This week Parade Magazine, that renowned paragon of investigative journalism, published a list of the top 10 "terrible tyrants" next to a full-page color ad for those mysterious Amish fireplaces.
Moving up one spot to tenth place in the rankings this year was Muammar al-Gaddafi. The leader of Libya for 40 years now, Gaddafi is on the verge of completing one of the most amazing stories of redemption in modern political history.
Al-Gaddafi was once among the most hated men in the Western world. He overthrew the Libyan government in 1969 and by the 1980s was the leading venture capitalist in contemporary terrorism, sponsoring bombings across Europe and buying all the bootleg nuclear technology he could find.
Former President Ronald Reagan called him the "mad dog of the Middle-East," but al-Gaddafi was always more big pimpin' than bin Laden. Never seen without a fresh pair of sunglasses or his platoon of hot female bodyguards in matching fashion camo, Gaddafi was a relic of the Cold War who most thought would just disappear as the Soviet empire crumbled.
Few observers would have guessed that al-Gaddafi would be spearheading African politics in 2009 or that former President George W. Bush would call him in December 2008 and become the first U.S. president to talk to the Libyan leader.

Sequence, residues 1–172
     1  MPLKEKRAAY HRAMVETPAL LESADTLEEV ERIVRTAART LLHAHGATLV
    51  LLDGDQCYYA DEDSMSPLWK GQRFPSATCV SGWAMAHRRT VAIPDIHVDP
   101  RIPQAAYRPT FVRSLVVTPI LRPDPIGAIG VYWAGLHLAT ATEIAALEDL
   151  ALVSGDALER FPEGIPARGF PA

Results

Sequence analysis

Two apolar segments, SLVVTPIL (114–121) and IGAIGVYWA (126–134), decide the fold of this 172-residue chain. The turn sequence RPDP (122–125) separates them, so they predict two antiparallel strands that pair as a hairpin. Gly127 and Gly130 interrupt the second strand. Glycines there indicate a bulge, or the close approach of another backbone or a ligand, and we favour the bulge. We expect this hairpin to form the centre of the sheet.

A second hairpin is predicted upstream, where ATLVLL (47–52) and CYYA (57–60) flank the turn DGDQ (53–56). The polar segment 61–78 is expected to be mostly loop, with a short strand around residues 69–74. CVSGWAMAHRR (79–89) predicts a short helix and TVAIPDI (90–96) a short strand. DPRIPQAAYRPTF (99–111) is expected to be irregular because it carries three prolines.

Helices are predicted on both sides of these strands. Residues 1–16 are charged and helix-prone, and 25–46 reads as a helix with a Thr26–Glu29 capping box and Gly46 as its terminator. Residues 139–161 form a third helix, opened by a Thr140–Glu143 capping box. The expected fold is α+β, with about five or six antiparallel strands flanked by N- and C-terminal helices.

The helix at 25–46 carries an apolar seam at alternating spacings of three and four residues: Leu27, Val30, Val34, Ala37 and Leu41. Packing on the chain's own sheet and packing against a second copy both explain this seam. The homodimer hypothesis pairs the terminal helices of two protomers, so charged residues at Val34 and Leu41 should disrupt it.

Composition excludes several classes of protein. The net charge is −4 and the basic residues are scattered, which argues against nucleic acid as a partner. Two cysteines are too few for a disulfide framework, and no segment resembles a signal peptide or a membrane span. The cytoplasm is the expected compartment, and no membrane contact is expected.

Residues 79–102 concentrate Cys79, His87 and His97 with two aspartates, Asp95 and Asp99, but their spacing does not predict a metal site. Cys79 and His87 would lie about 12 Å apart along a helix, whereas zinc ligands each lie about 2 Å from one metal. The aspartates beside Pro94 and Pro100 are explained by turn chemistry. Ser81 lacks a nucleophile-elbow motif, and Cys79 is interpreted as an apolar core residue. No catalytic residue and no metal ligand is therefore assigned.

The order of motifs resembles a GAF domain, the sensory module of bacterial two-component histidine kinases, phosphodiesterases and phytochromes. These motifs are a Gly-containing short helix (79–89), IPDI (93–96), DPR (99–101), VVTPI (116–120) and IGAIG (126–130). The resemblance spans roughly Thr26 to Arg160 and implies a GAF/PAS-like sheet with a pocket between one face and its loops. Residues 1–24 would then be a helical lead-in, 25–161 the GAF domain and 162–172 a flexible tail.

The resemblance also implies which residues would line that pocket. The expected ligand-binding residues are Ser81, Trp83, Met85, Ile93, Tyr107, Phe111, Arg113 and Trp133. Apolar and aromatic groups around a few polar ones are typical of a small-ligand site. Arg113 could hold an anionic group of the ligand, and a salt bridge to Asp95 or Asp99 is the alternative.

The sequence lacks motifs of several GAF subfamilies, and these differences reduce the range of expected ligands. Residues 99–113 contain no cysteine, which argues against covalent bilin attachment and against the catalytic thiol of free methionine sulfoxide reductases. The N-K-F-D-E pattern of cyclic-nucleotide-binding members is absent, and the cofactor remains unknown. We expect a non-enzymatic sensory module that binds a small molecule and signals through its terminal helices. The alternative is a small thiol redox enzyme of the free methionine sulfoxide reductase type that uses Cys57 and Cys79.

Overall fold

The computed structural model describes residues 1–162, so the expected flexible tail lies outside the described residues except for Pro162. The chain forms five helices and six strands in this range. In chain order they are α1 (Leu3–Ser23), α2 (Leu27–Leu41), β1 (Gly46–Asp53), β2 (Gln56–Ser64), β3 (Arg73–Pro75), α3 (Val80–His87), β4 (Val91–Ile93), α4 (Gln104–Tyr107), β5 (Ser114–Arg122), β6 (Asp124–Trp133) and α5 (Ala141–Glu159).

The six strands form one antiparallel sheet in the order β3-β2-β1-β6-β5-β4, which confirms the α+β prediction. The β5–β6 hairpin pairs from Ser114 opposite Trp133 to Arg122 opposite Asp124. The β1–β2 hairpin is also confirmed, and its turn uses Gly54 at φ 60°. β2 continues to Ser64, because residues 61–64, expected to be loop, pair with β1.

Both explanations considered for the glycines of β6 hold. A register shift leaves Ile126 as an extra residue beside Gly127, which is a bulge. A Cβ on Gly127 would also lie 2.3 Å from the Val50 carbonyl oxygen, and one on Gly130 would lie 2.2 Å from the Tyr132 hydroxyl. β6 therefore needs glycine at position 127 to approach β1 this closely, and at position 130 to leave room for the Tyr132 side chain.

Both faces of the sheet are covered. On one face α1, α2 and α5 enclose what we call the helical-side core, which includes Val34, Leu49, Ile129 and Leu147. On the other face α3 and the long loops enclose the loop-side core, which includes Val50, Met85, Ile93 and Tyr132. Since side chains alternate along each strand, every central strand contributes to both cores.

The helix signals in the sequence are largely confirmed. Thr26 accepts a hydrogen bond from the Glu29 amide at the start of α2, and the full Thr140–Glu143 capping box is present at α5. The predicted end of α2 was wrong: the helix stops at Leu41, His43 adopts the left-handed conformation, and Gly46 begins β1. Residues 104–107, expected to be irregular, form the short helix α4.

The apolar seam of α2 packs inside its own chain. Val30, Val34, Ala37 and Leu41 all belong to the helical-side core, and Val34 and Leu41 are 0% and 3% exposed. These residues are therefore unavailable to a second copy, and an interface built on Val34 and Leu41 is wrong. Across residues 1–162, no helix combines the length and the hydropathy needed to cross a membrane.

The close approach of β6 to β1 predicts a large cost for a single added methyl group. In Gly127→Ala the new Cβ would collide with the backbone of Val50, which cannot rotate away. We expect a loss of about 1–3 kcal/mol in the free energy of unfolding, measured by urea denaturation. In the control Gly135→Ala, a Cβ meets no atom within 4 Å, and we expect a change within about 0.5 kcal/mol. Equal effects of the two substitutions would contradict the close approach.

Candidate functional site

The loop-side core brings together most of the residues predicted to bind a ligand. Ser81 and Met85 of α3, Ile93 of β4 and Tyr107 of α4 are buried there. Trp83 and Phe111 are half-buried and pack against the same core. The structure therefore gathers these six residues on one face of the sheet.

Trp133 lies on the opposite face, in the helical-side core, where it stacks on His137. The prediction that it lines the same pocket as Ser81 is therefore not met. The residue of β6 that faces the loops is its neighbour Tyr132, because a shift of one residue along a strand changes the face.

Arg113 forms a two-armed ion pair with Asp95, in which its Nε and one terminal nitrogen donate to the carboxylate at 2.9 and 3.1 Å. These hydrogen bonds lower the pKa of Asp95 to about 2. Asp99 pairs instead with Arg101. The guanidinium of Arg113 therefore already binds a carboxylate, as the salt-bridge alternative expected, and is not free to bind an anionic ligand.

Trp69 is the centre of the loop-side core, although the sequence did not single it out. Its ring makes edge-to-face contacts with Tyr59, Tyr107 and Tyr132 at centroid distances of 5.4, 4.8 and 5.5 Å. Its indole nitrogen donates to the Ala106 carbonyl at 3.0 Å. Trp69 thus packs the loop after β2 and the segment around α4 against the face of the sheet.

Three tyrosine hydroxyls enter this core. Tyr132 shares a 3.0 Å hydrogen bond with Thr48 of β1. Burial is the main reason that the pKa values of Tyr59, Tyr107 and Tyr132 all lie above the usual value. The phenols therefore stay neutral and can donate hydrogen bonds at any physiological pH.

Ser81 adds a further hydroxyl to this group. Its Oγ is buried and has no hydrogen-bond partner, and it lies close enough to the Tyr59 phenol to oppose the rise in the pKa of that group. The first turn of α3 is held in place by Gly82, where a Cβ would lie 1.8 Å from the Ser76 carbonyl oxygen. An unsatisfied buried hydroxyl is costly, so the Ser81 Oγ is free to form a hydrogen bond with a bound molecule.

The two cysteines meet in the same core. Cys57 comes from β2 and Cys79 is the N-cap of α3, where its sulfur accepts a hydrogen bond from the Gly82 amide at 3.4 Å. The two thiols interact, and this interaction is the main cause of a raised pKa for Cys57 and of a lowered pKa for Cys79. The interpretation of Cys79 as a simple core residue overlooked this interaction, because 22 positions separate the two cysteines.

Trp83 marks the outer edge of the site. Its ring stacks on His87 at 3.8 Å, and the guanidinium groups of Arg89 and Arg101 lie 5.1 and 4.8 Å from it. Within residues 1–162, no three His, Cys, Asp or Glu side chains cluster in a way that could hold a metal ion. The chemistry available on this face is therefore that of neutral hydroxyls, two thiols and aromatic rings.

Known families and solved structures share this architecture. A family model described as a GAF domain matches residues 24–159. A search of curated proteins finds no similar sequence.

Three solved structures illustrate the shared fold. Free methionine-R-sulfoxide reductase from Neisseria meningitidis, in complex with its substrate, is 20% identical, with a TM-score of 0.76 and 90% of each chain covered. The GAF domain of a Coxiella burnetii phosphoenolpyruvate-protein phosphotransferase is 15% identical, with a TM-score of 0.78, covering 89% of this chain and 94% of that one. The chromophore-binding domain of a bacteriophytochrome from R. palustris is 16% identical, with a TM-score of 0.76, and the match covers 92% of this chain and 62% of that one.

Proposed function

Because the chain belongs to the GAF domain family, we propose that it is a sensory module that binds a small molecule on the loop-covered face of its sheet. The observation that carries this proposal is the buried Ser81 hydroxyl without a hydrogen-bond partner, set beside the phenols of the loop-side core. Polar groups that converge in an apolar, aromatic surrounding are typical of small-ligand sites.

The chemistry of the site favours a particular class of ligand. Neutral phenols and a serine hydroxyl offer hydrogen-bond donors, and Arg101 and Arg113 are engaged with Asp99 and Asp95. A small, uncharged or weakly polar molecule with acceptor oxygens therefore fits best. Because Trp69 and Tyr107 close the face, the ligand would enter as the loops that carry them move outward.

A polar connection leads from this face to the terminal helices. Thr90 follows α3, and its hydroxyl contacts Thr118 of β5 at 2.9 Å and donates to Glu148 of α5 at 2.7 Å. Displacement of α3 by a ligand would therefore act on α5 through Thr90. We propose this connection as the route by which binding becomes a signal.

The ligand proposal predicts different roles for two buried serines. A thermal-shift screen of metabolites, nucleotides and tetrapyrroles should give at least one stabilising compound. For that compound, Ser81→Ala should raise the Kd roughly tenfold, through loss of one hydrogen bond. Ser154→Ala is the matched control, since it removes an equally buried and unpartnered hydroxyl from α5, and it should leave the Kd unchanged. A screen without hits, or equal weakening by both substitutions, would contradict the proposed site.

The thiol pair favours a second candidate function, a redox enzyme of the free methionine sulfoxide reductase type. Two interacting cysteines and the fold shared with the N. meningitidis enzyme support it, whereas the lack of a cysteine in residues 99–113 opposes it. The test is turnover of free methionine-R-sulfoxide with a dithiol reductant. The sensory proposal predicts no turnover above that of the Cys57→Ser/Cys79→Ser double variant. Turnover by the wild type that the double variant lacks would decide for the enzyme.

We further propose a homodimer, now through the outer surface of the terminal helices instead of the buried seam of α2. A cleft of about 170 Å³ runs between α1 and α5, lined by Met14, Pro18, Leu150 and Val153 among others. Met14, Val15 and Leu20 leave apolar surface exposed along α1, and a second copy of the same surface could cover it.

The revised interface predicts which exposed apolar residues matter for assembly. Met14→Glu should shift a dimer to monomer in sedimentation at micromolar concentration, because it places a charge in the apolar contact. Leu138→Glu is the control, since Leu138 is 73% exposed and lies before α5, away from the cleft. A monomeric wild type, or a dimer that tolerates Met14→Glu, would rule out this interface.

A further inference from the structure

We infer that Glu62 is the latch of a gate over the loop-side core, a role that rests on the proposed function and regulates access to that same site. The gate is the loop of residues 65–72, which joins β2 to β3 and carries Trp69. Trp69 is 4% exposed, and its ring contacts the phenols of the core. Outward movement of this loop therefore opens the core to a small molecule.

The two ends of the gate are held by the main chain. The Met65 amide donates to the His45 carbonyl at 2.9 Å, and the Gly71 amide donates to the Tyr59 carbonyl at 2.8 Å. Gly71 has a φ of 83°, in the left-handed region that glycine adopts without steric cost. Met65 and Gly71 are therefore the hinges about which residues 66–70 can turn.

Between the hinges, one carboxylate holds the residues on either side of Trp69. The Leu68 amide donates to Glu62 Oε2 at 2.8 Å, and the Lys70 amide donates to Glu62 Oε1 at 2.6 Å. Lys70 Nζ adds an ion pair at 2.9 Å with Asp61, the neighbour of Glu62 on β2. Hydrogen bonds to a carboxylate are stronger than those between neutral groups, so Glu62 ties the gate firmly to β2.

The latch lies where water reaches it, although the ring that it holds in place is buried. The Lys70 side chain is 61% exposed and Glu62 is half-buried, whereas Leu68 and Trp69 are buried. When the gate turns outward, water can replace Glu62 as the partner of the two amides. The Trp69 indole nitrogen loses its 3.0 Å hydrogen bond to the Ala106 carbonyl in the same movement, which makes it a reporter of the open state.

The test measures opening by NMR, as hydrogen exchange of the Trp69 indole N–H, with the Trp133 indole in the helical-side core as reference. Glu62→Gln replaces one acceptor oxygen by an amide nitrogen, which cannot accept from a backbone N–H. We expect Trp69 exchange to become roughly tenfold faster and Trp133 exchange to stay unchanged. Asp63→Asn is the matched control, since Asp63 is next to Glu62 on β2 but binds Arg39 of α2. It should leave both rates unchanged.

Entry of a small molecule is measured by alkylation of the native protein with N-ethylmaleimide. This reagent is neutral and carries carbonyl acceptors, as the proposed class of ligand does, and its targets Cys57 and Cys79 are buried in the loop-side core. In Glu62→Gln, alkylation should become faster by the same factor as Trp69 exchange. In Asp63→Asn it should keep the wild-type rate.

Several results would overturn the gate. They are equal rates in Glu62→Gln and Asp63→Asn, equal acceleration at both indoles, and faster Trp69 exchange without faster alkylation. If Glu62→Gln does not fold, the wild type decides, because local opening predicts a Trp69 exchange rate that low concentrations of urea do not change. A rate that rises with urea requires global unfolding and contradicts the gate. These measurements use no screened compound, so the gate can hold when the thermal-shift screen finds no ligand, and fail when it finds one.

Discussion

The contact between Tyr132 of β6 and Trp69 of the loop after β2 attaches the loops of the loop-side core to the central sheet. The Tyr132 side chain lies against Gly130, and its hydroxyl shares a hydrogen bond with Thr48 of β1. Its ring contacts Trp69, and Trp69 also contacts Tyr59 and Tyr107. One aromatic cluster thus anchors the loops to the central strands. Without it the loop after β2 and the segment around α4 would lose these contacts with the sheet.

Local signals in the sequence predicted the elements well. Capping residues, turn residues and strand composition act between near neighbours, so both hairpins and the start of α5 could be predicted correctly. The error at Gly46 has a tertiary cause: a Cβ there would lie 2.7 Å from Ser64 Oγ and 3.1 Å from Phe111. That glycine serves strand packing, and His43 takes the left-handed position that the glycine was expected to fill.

Bush even sent Condi to Libya in late 2008 to open up formal relations, which was pure genius; Gaddafi called our secretary of state "that darling black African woman" and remains completely sprung to this day.
Of course, this is all about the money. Libya has one of the largest proven oil reserves in the world and a crumbling infrastructure. Top European and American firms can't wait to get at that oil. In addition, being a terrorist state for so long allowed Libya to sit out this recession - they have about $100 billion that they are spending on commercial real estate across the globe.
Money is also how Gaddafi got out of the doghouse. Gaddafi poured billions into funds set up for the families of the victims of his bombings but only after a push from Bush. Maybe W. told him to get a good public relations firm, too - Libya just paid the Livingston Group $750K for the last six months of its work in helping to rehabilitate the region in the eyes of the West. Throwing money at problems and hiring a top lobbying firm, Gaddafi has learned a couple of new tricks these past few years.
Some habits die hard, though. Gaddafi remains a strong adversary of Israel; his plan for a one-state solution for Israel and Palestine seems misguided at best. Our government, meanwhile, remains committed to selling guns and military technology to pretty much anyone.
The current U.S. ambassador to Libya revealed earlier this month that we plan on selling Gaddafi nonlethal weapons and training immediately, with lethal weapons soon thereafter.
The French have already welcomed Gaddafi to Paris and sold him 14 brand-new fighter jets, so America isn't quite spearheading this Libyan renaissance story. After 40 years, Gaddafi is proving that the only constant in this world is change - well, that and Arab money.
Tommy Maple is an international communications graduate student. His column appears on Tuesdays.